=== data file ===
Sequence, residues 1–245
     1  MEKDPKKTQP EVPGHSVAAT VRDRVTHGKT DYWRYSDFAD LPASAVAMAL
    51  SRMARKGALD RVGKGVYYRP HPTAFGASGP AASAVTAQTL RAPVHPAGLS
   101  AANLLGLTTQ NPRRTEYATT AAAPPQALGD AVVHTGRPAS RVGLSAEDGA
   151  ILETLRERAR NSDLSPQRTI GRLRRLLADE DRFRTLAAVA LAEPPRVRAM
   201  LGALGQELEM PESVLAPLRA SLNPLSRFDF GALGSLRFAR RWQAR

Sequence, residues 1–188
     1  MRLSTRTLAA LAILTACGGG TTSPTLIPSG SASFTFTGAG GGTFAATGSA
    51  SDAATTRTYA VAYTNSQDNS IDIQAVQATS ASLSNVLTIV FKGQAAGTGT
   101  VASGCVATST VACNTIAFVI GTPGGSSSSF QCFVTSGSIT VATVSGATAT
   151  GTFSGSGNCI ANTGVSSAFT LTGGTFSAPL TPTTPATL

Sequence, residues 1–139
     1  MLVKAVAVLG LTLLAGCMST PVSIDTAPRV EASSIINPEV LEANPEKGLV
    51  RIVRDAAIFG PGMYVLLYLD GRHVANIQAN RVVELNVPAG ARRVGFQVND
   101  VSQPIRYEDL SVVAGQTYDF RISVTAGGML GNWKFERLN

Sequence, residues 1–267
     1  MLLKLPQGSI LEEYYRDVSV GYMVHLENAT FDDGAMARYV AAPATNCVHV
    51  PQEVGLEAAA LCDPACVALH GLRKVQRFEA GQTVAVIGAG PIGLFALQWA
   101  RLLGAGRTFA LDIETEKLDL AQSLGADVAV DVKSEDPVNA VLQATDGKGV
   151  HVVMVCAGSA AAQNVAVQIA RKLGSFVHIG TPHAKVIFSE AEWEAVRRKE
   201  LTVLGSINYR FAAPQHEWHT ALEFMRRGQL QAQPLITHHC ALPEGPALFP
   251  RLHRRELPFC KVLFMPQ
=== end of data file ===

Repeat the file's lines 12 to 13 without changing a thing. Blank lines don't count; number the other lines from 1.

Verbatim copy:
Sequence, residues 1–139
     1  MLVKAVAVLG LTLLAGCMST PVSIDTAPRV EASSIINPEV LEANPEKGLV